Some years ago I ran a workshop in a hotel somewhere in rural Germany.  All the workshop participants were local and went home each evening leaving me to my own devises.  The hotel had a health spa with an exercise room full of treadmills and those bicycles that don’t go anywhere, a swimming pool, steam room and sauna.

On the first evening, after a walk round the village – which appeared to be deserted – I decided to have a swim in the pool.  I was surprised to have the pool to myself and swam up and down wondering if I was the only person staying in the hotel.  I even started to wonder if I was the only person in the whole of Germany! 

After my swim, Miss Hap appeared and suggested that I’d enjoy a visit to the sauna.  I opened the pine door and stepped inside.  There, to my astonishment were eight women, completely naked, basking in the heat.  Some were lying on the wooden slats, others were sitting and one was standing adding more water to the coals with a long-handled ladle.  Inevitably, the women were different shapes and sizes – most were, shall we say, matronly – and all were very bronzed and well endowed.  Not a bustenhalter in sight!

As I entered the sauna they looked at me, standing there in my swimming trunks.  Their gaze was alarmingly calm and dispassionate.  They made no move to cover themselves up.   My first thought was that I must be in the wrong sauna.  Perhaps I had failed to see a sign on the door saying, ‘Women only’.  Or perhaps, unbeknown to me, the hotel operated some sort of segregation system where women had free run of the sauna for an hour or so before it was the men’s turn.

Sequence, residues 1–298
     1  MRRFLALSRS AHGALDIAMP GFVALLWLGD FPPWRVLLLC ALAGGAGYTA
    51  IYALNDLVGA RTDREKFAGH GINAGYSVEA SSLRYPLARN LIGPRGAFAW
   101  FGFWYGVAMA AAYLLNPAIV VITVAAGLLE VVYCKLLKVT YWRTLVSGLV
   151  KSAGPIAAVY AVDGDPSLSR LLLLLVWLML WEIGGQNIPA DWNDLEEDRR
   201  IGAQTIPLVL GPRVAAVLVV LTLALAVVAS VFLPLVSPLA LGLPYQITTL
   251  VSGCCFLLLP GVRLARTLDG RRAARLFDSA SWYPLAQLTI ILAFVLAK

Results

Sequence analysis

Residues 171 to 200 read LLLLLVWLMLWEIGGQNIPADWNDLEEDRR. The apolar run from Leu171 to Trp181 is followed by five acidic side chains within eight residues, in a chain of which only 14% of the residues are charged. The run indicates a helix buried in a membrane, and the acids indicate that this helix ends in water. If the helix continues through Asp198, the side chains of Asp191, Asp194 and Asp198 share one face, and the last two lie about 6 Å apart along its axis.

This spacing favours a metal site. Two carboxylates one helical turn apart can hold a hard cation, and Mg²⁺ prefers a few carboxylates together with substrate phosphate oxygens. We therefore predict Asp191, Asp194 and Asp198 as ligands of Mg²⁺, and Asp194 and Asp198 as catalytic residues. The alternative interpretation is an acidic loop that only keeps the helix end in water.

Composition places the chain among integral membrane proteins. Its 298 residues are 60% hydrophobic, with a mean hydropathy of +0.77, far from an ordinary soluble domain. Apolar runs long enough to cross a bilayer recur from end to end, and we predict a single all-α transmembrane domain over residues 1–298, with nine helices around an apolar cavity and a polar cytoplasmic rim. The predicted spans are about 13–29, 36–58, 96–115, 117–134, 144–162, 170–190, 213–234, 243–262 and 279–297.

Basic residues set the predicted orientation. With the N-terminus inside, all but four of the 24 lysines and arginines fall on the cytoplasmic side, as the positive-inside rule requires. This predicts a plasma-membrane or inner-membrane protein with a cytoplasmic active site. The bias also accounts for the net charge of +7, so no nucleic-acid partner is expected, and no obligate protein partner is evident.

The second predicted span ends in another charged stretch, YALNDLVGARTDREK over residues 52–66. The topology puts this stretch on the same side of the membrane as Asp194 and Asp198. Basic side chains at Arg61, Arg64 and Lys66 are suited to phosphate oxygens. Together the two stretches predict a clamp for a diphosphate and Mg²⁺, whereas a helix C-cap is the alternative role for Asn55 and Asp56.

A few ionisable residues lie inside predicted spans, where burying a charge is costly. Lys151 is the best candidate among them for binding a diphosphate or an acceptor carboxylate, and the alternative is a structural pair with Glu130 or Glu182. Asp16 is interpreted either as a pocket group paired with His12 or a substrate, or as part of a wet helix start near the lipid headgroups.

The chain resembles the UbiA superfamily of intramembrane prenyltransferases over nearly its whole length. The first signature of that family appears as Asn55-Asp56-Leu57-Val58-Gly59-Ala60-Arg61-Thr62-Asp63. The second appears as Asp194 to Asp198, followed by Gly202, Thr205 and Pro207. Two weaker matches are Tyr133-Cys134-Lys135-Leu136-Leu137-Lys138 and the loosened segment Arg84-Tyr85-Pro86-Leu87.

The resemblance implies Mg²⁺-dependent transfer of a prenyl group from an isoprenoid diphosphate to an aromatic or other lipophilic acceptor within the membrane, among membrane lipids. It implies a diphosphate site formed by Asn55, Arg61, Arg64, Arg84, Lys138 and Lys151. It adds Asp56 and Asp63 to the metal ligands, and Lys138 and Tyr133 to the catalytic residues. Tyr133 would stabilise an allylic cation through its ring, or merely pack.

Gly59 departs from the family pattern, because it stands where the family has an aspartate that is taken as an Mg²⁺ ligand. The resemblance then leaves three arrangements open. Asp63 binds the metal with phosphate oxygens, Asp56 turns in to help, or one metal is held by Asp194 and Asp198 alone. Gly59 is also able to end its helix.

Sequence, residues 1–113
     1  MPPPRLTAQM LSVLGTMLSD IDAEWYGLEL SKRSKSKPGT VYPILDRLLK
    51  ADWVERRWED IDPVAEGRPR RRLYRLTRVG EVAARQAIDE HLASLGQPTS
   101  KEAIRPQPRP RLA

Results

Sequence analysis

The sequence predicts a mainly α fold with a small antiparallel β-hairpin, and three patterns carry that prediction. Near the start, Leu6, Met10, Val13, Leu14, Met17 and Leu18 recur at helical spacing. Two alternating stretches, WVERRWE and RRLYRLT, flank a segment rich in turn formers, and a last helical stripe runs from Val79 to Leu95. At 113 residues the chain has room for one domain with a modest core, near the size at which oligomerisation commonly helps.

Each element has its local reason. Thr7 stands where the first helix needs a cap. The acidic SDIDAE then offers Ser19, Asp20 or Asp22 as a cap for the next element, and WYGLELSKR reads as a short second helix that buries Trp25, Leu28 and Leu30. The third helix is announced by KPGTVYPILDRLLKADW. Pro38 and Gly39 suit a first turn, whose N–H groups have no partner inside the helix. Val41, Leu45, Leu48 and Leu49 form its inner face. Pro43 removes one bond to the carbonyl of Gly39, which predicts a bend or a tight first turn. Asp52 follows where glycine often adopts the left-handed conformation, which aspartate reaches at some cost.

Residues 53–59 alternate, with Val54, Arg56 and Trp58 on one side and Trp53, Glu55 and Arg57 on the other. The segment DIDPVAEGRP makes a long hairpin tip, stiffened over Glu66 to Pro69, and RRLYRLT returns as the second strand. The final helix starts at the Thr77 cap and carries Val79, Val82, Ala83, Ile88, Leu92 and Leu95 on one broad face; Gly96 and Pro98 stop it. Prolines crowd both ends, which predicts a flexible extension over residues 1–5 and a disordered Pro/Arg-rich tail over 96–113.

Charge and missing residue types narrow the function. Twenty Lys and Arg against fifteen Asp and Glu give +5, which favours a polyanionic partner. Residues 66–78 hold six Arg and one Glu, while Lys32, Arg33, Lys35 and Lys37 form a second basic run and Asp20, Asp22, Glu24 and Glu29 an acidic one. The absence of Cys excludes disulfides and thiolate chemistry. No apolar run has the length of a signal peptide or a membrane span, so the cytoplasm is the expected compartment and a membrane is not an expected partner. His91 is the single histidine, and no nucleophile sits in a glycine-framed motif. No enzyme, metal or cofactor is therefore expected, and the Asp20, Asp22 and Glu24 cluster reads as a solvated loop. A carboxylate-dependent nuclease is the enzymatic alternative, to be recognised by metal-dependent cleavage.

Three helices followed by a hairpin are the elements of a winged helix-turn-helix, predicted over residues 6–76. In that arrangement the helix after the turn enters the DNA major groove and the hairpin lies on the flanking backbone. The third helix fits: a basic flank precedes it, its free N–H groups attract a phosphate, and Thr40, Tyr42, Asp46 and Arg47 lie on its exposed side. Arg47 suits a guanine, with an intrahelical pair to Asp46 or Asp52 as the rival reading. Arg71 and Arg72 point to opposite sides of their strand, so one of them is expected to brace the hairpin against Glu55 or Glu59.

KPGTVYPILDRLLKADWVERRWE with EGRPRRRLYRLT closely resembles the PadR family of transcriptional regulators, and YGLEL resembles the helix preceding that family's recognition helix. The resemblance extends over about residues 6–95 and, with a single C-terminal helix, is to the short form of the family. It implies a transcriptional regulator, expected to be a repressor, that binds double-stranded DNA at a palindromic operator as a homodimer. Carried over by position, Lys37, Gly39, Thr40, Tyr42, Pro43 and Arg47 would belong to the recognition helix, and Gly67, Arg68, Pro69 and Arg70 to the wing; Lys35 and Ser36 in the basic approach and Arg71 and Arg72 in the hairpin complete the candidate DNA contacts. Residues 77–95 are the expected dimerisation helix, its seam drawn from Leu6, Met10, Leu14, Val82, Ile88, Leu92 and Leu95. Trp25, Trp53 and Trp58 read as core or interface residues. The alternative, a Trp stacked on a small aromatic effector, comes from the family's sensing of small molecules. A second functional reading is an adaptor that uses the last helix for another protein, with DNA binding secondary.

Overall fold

The women, however, resumed their conversations in German as if nothing untoward had happened.  I sat down trying to look nonchalant – as if being the only man in a sauna full of brazen, utterly naked, women was an everyday occurrence.

My second thought was that I was obviously improperly dressed; I was the only person in the sauna to have anything on!  I considered what to do.  Should I mutter an apology and stand up and remove my swimming trunks?  But might such a display lead to disparaging remarks or, worse still, ridicule?  My self-esteem was on the line.  Or might it be best to sit it out and pretend not to have noticed that everyone else had nothing on?

I sat there, cursing Miss Hap and pondering my options. As the minutes passed, I realised that I had gone past the point where removing my trunks would seem an unremarkable ‘natural’ act.  Had I done it immediately, I might have stood a chance of melting into the background (in the circumstances, a place I longed to be!).  But too much time had elapsed.  To stand up now and do a striptease would seem oddly calculated – a sort of full-monty performance without the drum roll.

So, guess what I did?  Yes, that’s right, I was a coward; I sat there in my trunks for what I hoped would seem a decent period before leaving. The plunge pool had never been more welcoming.

On subsequent visits to the sauna, I can assure you I was properly dressed!

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